(Johnnie To and Wai Ka-fai, 2000) · Kinki (Cantopop star Sammi Cheng) is transferred into Andy's (matinee idol Andy Lau) department, and despite their initial difficulties getting along, they enlist each other in elaborate schemes to reunite with (and get revenge against) their exes, without realizing that they're really destined for each other. The first rom-com from To and Wai, Needing You repurposes many conventions from their action films with hilarious and unexpected results.
runtime: 101m format: 35mm
(Johnnie To, 1998) · Martin (Lau Ching-wan) and Jack (Leon Lai) are rival hitmen who share a begrudging admiration of each other. When they are betrayed by their bosses and left for dead, they decide to team up to take revenge. A Hero Never Dies takes the (already extreme) conventions of John Woo's heroic bloodshed films to even further extremes not previously thought possible. In the process, To produces some exceptional action set pieces both small and large.
runtime: 86m format: 35mm
(Johnnie To, 1999) · An ex-con (Lau Ching-wan) is released from prison and sets out to find a missing $2 million and his ex-wife. He gets diverted, however, when he and his innkeeper (Ruby Wong), a lonely single mother, find themselves drawn to each other. A rare dramatic romance from Milkyway, Where a Good Man Goes breathes new life into hackneyed narrative devices on the strength of its leads and To's excellently realized sense of urban space in its Macau setting.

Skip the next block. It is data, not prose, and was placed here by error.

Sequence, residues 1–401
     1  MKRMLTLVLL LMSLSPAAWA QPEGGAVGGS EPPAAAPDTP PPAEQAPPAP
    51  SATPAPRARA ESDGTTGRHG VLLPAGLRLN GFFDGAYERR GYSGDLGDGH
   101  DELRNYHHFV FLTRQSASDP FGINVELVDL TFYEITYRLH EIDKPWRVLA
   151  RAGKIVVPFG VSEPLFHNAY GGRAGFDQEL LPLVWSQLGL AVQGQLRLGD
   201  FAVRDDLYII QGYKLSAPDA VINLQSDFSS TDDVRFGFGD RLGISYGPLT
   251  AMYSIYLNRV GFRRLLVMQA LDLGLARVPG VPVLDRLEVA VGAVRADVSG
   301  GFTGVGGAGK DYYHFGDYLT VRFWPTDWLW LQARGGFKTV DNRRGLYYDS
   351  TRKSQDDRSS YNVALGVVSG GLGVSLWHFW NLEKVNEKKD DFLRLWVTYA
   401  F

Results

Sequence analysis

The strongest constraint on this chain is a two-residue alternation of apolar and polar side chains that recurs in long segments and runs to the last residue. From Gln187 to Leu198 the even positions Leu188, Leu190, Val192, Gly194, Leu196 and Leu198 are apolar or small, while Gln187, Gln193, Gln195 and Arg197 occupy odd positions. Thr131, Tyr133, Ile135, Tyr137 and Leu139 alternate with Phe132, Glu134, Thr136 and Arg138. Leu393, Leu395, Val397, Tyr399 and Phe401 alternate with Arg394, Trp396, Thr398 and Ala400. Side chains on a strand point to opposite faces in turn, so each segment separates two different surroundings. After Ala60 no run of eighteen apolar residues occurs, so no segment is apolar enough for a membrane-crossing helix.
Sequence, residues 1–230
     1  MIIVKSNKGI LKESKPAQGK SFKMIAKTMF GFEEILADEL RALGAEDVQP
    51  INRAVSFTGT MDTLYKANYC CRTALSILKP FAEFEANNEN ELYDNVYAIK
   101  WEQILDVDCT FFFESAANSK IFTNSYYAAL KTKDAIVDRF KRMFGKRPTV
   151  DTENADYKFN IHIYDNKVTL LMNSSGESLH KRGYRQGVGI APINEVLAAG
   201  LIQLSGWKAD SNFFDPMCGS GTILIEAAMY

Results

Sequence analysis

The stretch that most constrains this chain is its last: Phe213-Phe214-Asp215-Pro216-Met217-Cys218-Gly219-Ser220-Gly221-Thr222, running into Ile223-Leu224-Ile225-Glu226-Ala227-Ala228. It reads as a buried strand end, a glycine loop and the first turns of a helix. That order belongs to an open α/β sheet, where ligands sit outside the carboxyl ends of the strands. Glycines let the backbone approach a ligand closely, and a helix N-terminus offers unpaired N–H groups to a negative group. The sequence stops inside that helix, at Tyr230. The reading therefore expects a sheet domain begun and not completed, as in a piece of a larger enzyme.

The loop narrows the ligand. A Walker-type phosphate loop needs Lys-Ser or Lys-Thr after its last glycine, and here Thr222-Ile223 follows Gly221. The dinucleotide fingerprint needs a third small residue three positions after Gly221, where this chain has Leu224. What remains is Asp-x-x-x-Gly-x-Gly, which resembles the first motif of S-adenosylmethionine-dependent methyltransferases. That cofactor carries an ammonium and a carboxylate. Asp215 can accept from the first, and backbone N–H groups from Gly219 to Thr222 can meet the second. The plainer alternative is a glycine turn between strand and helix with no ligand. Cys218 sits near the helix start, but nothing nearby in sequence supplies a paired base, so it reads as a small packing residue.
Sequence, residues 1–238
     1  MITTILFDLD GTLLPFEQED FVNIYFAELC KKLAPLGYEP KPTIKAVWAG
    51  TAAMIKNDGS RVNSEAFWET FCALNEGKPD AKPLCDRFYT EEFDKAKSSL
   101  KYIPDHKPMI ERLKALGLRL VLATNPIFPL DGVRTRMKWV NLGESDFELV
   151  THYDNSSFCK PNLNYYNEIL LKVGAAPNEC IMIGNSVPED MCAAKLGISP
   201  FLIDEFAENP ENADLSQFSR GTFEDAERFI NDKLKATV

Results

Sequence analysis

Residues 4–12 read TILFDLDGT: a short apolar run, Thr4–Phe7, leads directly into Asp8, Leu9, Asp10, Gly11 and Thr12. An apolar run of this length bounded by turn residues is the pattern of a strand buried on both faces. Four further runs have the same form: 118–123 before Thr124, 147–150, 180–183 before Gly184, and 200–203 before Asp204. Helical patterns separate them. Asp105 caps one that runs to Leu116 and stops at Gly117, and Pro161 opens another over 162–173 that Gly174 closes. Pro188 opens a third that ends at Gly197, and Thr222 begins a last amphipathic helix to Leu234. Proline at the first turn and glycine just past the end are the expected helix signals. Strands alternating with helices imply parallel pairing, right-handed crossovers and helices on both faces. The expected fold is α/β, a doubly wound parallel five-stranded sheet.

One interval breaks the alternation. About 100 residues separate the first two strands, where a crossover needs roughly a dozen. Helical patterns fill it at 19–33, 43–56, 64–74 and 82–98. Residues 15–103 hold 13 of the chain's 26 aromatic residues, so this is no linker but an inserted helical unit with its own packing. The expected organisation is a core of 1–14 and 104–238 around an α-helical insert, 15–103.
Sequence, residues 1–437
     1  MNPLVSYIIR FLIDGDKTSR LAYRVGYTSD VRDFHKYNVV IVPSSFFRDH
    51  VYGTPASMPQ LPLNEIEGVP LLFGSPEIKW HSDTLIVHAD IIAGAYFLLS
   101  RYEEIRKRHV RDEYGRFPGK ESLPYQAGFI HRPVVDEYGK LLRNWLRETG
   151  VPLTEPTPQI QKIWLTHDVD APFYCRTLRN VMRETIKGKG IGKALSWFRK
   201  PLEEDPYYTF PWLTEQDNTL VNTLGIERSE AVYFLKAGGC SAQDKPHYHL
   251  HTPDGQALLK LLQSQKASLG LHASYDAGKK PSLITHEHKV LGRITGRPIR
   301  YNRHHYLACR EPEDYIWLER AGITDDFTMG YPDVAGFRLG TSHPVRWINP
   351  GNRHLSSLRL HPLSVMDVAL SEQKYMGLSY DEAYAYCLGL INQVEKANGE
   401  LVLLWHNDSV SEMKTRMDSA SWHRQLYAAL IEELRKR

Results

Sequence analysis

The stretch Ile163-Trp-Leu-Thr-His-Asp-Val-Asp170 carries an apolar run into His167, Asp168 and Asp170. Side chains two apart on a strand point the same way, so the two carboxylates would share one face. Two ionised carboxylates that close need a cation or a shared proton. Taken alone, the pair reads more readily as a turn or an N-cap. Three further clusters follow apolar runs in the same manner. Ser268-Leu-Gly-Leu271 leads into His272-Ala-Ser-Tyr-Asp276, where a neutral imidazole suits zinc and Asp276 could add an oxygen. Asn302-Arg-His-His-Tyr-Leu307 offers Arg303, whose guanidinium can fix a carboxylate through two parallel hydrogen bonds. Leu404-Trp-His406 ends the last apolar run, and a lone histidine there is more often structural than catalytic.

runtime: 92m format: 35mm
(Johnnie To, 1999) · A Triad boss hires five men to serve as his bodyguards after an assassination attempt. However, when he finds that one of the five has been carrying on an affair with his wife, it raises the question of whether their loyalty is to each other or to their boss. Shot in just 18 days, The Mission marks a departure from previous Hong Kong action films by marrying its brilliantly choreographed action to an unsettlingly distant filmmaking style.
runtime: 89m format: 35mm